It’s official. Sherlock Holmes no longer belongs to Conan Doyle. He belongs to the world. So ruled a federal judge in Chicago last December when the estate of Sir Arthur sued Leslie Klinger, editor of The New Annotated Sherlock Holmes, over copyright violations. The ruling followed one made earlier in England and raises a curiosity in my mind about how this fictional character became a cultural myth. (“A Study in Sherlock,” by Laura Miller, Harper’s, May 2014, pg. 89-94.)
Certainly, Holmes is beloved round the globe and the versions of his life are many. We’ve seen him as mature, young, a patriot, and even depicted as someone mentally disturbed, as in the current television series, Elementary. Robert Downey gave the character comic overtones and Basil Rathbone’s 1940s films played him as seriously serious. I confess I like those old films, but I also have a special fondness for Jeremy Brett’s PBS series, as well. I’ve even room on my list of favorites to include Benedict Cumberbatch’s young Sherlock in the current Masterpiece Theater run.
Would Doyle have had a preference for any of these depictions, I wonder? Probably not. Having failed to kill off his character in his lifetime, the writer washed his hands of the fellow and gave license to anyone interested in Sherlock to, “Marry him, murder him, or do what you like with him.” (Ibid pg. 90)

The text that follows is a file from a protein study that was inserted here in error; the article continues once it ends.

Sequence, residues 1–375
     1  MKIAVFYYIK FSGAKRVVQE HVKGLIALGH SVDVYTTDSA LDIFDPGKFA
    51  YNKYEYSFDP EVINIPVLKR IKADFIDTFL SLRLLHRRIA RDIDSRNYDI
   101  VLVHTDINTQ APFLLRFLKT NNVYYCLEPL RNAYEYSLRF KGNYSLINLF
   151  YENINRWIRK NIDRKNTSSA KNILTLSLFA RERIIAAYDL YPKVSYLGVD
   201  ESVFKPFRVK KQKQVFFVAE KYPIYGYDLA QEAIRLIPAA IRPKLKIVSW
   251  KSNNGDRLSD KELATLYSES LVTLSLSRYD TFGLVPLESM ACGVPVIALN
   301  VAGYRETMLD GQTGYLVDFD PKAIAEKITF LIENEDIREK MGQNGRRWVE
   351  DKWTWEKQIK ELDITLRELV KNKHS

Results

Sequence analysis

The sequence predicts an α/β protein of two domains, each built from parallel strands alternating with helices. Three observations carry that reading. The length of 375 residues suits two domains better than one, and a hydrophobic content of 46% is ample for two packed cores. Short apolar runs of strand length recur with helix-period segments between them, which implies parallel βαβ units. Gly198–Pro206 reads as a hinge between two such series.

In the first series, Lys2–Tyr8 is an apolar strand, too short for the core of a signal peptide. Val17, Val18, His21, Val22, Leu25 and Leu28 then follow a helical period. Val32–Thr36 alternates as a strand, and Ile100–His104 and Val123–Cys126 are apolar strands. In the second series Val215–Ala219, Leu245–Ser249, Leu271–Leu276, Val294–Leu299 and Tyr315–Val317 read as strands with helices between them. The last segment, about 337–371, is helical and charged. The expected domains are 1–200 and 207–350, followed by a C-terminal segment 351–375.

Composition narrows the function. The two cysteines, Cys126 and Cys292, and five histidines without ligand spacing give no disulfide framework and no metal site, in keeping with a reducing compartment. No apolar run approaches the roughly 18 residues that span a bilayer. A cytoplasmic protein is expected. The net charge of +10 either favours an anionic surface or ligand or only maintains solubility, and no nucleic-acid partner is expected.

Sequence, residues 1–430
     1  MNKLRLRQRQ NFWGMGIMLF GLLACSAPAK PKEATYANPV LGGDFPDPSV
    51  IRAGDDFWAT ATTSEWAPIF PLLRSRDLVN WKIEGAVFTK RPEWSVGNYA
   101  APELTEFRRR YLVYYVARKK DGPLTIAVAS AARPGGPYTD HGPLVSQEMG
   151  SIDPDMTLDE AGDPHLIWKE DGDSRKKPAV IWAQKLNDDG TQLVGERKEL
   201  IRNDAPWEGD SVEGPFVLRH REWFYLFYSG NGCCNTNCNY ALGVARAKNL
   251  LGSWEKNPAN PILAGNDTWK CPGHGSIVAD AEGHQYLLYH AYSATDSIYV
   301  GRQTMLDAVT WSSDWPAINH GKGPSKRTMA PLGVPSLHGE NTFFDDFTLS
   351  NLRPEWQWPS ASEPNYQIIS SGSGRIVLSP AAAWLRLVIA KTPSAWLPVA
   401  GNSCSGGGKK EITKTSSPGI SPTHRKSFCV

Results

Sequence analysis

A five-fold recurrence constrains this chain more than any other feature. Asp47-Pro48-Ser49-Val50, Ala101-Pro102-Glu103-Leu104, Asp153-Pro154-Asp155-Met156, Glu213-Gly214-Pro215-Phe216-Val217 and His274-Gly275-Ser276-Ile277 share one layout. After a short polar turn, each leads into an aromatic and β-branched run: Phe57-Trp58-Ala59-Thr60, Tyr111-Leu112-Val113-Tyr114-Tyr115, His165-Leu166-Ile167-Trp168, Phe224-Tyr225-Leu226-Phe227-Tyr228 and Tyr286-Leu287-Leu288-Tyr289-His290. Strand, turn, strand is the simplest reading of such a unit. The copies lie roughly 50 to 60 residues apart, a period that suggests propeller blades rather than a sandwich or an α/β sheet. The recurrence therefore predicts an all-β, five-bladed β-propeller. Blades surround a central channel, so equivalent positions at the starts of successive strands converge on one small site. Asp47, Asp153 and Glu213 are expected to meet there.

Writers have taken Doyle at his word, as we have seen. But enough continuity remains so that Sherlock Holmes, even without his pipe, is recognizable throughout the world. He is a fictional character grown to mythic proportions in the imagination of others and allowed, therefore, to cast a shadow greater than the one his creator envisioned.
Not all authors are so cavalier about their characters as Doyle. For years, J.L. Travers resisted Walt Disney’s request to make a film of Mary Poppins, and when Agatha Christie saw what movie people had done with Miss Marple, she slammed the door on their further attempts to add another sequel.
I’m not sure how I would feel about people tampering with my fictional characters. My first reaction might be to give them a swift kick in the pants. But Sherlock Holmes’ example gives me pause. Is it better for my characters to remain pristine and unread, or would I be willing to allow them to extended their lives in the imagination of others? Cast in this light, I’d say the answer to my question is elementary.
(Courtesy of Wikipedia.com)